Vélo Birmingham & Midlands, the UK’s second-biggest closed road sportive, has revealed an ambition to achieve a gender-balanced field by the time Birmingham hosts the Commonwealth Games in 2022.
The target was announced by the event’s organiser CSM at the Cycle Show, which is taking place this week in the Midlands city.
CSM chair Lord Sebastian Coe joined Birmingham City Council leader Ian Ward, ambassador Rebecca Charlton, a cycling commentator, and local cycling enthusiast, ex-England rugby captain Martin Johnson to make the commitment as part of a panel promoting the return of Vélo Birmingham & Midlands on Sunday May 12th next year.
The inaugural edition of the participation race attracted a sell-out field of more than 15,000 riders, but only 15% were women, CSM revealed.
Jon Ridgeon, executive chairman of CSM Active explained: “There is increasing momentum behind women’s cycling, but there is still work to be done to tackle gender disparity across the sport.
“Despite the sell-out success of Velo Birmingham & Midlands in 2017, we were not satisfied with the number of women who took part and as organisers we are determined to create an environment which is welcoming to all.
“We are working hard to understand what’s holding women back from entering sportive events and will do everything we can to try and accelerate change. Inspired by the Commonwealth Games, which is a beacon of gender equality, we have set an ambitious target of gender parity by 2022 and we are committed to achieving it.”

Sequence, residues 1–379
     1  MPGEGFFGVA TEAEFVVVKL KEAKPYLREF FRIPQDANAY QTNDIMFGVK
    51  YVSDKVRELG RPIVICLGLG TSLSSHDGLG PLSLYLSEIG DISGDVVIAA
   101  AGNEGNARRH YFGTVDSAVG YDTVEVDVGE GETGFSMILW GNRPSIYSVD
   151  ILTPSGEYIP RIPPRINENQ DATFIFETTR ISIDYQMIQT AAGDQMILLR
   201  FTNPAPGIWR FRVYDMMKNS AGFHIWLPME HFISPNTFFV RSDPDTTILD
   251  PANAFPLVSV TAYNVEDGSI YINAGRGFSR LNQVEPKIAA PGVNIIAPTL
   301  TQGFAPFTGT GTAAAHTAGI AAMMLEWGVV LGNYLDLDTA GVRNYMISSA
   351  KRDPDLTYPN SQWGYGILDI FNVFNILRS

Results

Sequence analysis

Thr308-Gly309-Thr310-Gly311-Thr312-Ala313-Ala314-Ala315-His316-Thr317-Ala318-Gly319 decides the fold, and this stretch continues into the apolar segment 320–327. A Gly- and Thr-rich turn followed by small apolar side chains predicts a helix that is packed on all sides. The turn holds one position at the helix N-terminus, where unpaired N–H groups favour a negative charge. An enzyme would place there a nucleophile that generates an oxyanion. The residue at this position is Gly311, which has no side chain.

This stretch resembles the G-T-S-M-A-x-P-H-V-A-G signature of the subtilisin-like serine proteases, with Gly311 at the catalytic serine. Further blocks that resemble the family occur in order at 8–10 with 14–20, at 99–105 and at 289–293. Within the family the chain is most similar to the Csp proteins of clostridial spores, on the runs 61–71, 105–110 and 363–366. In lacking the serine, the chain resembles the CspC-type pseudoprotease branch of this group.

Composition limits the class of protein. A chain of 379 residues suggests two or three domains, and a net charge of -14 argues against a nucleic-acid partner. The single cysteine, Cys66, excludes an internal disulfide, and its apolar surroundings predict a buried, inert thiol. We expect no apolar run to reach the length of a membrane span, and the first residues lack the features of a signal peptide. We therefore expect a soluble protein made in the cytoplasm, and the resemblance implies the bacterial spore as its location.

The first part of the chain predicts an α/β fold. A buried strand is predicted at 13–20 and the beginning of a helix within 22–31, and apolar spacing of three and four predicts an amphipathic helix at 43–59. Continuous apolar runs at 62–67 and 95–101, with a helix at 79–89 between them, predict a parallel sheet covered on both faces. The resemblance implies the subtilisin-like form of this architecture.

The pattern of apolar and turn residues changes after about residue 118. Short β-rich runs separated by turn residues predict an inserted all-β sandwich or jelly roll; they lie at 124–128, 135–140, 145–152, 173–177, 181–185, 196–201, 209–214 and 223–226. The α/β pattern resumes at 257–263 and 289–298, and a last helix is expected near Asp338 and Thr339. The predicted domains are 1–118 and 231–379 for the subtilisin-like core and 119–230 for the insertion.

Rebecca Charlton, event ambassador and cycling presenter, said: “At a time when women’s cycling is attracting more women than ever, I’m excited to be working with Vélo Birmingham & Midlands to help inspire more women to take on the challenge of riding 100 miles on closed roads.
“Events like Vélo Birmingham & Midlands have an important role to play in making cycling accessible to a wider range of women by spreading the message that while 100 miles may sound like a long way, it’s very achievable. I’m looking forward to encouraging more women to sign up, get pedalling and join me on the start line next May.”
In support of the ambition, CSM has also revealed a package of measures designed to encourage female participation.
They include exclusive priority access for British Cycling’s female members; an allocation of places to be awarded through strategic partnerships; and the launch of a new ‘Women in Vélo’ campaign, identifying inspirational stories of female riders.
Emphasis will also be placed on work to better understand the barriers and motivators to women’s participation, alongside promotional activities and outreach delivered with the event’s regional authority and charity partners, which include Cure Leukaemia, NSPCC, Alzheimers Society and Queen Elizabeth Hospital Birmingham.
The 2019 race is set to feature a new 100-mile route, taking in both Coventry and Birmingham city centres. Over 40,000 pre-registrations have already been received.